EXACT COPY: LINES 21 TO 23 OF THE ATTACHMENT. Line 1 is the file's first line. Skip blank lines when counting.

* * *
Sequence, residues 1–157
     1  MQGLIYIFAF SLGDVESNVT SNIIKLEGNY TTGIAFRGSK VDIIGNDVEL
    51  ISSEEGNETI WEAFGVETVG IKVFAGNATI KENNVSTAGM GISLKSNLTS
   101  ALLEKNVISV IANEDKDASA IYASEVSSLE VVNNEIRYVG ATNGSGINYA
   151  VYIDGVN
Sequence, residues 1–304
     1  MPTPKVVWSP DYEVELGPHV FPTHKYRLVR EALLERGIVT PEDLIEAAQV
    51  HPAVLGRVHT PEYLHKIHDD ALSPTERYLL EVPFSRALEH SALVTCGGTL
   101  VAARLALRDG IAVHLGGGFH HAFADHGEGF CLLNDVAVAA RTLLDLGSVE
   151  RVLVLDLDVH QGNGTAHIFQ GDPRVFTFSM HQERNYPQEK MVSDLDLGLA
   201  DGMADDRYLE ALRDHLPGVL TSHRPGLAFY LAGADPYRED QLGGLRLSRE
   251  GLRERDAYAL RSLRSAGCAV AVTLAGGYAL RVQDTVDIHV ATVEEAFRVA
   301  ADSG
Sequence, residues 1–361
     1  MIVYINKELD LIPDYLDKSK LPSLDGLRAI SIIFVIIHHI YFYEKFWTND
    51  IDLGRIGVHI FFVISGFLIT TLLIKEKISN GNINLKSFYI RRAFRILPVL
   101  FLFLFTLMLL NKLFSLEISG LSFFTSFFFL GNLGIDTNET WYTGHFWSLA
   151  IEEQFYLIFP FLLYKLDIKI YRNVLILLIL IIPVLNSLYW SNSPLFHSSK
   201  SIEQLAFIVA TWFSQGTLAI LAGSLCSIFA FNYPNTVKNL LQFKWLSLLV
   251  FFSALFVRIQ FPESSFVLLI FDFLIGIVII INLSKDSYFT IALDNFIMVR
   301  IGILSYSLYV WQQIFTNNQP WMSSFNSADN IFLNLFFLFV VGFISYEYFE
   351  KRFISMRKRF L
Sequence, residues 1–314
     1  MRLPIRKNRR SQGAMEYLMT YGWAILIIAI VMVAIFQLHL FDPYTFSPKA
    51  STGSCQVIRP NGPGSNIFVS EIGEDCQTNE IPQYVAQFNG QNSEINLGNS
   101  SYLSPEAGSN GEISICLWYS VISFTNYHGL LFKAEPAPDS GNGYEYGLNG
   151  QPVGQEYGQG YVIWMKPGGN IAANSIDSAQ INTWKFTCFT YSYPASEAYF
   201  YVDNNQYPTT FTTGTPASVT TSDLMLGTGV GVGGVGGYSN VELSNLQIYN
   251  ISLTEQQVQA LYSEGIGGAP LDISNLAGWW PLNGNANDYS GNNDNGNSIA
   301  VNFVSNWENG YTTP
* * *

   301  IGILSYSLYV WQQIFTNNQP WMSSFNSADN IFLNLFFLFV VGFISYEYFE
   351  KRFISMRKRF L
Sequence, residues 1–314